Resveratrol, a compound found in grapes,
red wine and peanuts, can improve blood
flow in the brain by 30 per cent, thereby
reducing the risk of stroke, according to
the results of a rat study.
Researchers at the National Taiwan Normal
University and the National Chia-Yi
University report that rats with induced
reduction of blood flow (ischemia) in the
brain experienced an improved blood flow
from a single dose of resveratrol.
“We found that resveratrol
administration… led to cerebral blood flow
elevation and protected animals from
ischemia-induced neuron loss,” said
lead author Kwok Tung Lu.
Strokes occur when blood clots or an
artery bursts in the brain and interrupts
the blood supply to a part of the brain.
It is the leading cause of disability and
the third leading cause of death in Europe
and the US. According to the Stroke
Alliance for Europe (SAFE), about 575,000
deaths are stroke related in Europe every
year. In the US, every 45 seconds someone
will experience a stroke, according to the
American Stroke Association.
The new study, published in the
Journal of Agricultural and Food Chemistry
(Vol. 54, pp. 3126-3131), divided 60 adult
male Wistar rats into three equal groups.
The first group was the control. The
second group underwent the induction of
cerebral ischemia, and the third group
underwent the same operation but also
received an intravenous dose of
resveratrol (20 milligrams per kilogram
Although no change to mean blood
pressure or heart rate was observed,
cerebral blood flow in the second group
decreased by 65 per cent compared to the
control group. The ischemia plus
resveratrol group’s blood flow also
decreased, but by only 35 per cent.
The researchers also found that the
concentration of nitric oxide (NO) in the
affected part of the brain was 25 per cent
higher than for both the control and
ischemia-only group. NO is a molecule used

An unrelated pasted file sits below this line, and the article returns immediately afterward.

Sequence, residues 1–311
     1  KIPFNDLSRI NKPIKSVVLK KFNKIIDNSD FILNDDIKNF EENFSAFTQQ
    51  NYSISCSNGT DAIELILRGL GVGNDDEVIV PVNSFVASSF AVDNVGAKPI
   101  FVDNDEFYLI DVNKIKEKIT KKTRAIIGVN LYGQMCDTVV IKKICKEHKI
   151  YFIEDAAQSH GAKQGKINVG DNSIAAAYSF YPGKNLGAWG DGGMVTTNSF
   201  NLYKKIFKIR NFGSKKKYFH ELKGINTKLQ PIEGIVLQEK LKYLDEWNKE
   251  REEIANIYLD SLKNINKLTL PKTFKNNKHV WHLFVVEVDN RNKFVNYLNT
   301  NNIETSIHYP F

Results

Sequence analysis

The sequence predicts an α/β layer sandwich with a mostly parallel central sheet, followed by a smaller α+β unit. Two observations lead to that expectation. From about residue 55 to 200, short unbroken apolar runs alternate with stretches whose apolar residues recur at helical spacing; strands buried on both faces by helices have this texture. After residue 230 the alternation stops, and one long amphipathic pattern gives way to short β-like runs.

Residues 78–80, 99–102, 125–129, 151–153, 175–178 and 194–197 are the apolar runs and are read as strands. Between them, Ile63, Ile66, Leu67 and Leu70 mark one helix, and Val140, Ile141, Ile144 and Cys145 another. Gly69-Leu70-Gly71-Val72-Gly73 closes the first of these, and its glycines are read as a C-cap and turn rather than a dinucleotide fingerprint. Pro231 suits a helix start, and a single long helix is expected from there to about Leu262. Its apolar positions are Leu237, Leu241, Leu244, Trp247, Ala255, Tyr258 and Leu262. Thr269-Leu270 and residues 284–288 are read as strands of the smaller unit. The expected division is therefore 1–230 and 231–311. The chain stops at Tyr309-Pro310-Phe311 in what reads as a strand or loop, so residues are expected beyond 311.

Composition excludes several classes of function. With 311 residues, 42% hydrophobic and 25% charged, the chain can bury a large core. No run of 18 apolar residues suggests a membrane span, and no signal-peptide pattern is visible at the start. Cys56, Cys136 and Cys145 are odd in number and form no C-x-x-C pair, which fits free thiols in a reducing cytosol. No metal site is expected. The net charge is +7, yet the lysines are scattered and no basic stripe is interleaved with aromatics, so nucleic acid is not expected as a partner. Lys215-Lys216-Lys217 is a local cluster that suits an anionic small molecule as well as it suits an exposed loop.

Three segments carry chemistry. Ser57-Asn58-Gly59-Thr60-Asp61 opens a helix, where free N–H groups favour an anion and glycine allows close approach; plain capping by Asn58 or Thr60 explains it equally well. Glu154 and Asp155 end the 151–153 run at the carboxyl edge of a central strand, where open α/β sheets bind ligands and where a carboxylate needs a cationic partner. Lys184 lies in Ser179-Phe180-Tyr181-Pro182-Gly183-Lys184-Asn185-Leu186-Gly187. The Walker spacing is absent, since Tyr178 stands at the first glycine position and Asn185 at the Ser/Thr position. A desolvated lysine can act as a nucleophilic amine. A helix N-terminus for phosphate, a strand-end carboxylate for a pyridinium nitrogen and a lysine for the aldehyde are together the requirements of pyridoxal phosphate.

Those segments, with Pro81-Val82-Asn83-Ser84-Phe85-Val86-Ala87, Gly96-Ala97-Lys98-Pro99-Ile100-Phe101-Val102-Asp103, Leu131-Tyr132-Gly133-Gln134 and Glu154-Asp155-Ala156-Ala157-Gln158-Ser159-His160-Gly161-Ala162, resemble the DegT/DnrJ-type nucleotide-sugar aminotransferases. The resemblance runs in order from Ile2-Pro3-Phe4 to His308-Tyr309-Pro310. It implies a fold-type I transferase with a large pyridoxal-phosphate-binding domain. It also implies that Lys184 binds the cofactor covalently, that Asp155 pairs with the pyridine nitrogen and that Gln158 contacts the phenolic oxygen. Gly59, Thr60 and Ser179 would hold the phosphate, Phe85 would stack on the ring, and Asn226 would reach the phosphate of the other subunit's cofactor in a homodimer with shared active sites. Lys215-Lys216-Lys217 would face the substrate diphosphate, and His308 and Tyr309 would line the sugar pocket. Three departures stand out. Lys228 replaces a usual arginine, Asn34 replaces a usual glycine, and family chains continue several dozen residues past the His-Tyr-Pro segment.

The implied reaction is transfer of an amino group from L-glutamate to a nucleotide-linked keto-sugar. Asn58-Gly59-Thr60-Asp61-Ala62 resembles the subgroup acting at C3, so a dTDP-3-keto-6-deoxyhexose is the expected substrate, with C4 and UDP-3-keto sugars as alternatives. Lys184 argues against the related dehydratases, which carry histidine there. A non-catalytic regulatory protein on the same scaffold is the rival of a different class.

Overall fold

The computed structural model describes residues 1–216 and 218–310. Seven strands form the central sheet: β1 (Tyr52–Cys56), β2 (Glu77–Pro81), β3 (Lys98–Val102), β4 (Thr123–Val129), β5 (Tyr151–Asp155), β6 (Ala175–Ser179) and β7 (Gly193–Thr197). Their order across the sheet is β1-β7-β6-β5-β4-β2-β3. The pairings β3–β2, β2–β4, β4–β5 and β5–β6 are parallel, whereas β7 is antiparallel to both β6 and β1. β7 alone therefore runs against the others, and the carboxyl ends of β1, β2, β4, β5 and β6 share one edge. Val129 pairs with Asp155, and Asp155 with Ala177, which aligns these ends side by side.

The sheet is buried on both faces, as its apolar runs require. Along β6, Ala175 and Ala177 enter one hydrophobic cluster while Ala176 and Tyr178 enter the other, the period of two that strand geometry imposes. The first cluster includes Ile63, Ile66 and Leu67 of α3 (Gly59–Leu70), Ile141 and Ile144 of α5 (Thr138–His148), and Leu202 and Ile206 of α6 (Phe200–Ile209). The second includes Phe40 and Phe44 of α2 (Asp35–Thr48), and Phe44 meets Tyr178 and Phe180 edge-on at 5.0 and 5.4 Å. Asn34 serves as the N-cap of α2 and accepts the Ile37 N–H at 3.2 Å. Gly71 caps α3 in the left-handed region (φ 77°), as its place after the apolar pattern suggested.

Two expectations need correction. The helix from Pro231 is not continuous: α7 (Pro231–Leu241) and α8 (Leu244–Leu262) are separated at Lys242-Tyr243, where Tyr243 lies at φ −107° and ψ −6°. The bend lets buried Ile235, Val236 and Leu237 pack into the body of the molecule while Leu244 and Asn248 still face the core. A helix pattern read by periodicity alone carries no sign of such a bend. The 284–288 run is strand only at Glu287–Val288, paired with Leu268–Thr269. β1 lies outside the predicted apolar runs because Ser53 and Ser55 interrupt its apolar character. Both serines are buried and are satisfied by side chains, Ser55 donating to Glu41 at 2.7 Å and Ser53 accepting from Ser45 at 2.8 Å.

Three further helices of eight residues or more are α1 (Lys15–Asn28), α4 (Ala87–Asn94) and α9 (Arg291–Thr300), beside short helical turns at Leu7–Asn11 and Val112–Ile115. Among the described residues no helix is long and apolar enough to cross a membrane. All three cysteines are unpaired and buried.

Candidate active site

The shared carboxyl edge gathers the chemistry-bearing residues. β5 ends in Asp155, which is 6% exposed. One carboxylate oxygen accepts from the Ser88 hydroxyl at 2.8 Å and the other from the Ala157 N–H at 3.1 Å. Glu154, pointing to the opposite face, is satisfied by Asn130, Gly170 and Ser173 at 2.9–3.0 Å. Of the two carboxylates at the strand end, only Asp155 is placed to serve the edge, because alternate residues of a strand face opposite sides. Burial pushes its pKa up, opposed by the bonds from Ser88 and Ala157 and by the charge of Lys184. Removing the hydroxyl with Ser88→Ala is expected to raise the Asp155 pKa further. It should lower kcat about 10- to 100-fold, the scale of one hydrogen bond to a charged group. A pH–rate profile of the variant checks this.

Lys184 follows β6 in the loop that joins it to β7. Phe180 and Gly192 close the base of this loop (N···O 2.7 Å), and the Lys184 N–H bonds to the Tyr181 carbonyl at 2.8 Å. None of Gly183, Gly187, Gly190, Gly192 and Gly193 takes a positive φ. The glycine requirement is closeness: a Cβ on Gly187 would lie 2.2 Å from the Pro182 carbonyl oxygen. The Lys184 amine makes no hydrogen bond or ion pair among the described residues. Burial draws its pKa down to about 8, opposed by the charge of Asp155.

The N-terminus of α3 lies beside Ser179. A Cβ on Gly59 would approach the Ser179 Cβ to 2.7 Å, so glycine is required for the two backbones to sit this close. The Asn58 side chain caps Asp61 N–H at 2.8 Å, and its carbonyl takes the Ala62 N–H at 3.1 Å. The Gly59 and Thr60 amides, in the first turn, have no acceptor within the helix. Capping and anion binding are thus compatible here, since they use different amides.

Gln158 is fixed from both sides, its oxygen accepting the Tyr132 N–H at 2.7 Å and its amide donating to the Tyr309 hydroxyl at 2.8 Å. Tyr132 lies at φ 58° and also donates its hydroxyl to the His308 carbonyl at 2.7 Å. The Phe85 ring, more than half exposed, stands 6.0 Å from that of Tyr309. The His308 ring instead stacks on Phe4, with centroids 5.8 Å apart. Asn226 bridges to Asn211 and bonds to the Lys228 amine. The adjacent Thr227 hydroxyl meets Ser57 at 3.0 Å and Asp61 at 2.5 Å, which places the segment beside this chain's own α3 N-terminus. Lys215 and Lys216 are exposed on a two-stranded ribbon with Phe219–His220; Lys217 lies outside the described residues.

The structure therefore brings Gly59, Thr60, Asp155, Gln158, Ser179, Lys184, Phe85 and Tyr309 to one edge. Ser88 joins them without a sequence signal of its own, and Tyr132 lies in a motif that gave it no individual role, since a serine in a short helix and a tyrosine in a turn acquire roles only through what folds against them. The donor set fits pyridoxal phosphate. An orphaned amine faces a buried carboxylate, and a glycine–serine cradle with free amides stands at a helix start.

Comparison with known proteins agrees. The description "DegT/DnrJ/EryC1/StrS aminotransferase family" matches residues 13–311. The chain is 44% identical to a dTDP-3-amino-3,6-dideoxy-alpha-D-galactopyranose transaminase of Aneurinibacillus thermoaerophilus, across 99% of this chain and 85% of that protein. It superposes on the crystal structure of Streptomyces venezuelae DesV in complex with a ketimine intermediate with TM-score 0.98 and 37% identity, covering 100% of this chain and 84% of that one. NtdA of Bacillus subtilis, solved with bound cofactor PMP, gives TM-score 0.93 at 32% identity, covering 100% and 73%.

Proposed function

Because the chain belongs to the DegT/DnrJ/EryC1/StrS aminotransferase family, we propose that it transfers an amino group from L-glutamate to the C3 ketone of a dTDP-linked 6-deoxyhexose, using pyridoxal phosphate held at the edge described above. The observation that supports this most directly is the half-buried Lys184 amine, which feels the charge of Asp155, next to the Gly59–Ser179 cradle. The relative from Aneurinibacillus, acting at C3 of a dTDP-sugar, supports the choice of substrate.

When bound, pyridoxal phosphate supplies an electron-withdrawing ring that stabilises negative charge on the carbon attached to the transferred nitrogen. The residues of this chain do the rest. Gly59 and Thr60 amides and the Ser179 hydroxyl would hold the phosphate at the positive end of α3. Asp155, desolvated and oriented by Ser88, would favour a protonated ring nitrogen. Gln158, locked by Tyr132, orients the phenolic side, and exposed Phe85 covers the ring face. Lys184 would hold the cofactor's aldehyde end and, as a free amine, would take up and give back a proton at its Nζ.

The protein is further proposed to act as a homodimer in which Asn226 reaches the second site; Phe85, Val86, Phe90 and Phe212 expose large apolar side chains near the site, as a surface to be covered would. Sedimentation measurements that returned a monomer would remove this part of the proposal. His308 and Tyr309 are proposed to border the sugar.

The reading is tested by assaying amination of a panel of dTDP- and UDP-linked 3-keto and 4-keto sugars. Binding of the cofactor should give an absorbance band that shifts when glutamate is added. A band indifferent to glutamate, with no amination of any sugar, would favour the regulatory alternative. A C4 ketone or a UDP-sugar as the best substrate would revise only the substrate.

by lining of blood vessels (endothelium)
to signal to the surrounding muscle to
relax – this dilates the blood vessel and
increases the blood flow.
“We suggested that resveratrol may
elicit neuroprotective effects by
stimulating NO formation or release, which
increases cerebral blood flow,” said
The authors said that further
investigation of the effects of
resveratrol was needed. Of particular
interest is the dose needed to produce
protection While resveratrol has been the
subject of various studies, particularly
in relation to heart health, recent
studies have reported brain protecting
effects from grape juice or wine – an
effect linked to a synergy between the
various polyphenols present.
A recent study using Concord grape
juice by researchers from Tuft’s
University reported that the combination
of the polyphenols could decrease the
effects of aging on the brain.
“It may be that the whole is greater
than the sum of its parts,” lead
author Barbara Shukitt-Hale wrote in the
journal Nutrition (Vol. 22, pp.
The amount of resveratrol in a bottle
of red wine can vary between types of
grapes and growing seasons. But nearly all
dark red wines – merlot, cabernet,
zinfandel, shiraz and pinot noir – contain
The health implications of red wine
consumption appear to be filtering through
to the consumer. A report from analysts
Euromonitor in 2004 predicted that still
red wine will exhibit by far the fastest
growth in both volume and value terms
between 2002 and 2007.
Their study claims that red wine is
forecast to record global value sales of
$82bn (€61.5bn) in 2007, a rise of some 31
per cent from 2002.
However, experts are quick to warn that
moderation is the key. A study from
Harvard University last year reported that
people who have three or more alcoholic
drinks per day have a significantly higher
risk of stroke. Lowest risk was observed
for those who had one, or maybe two,
drinks every other day.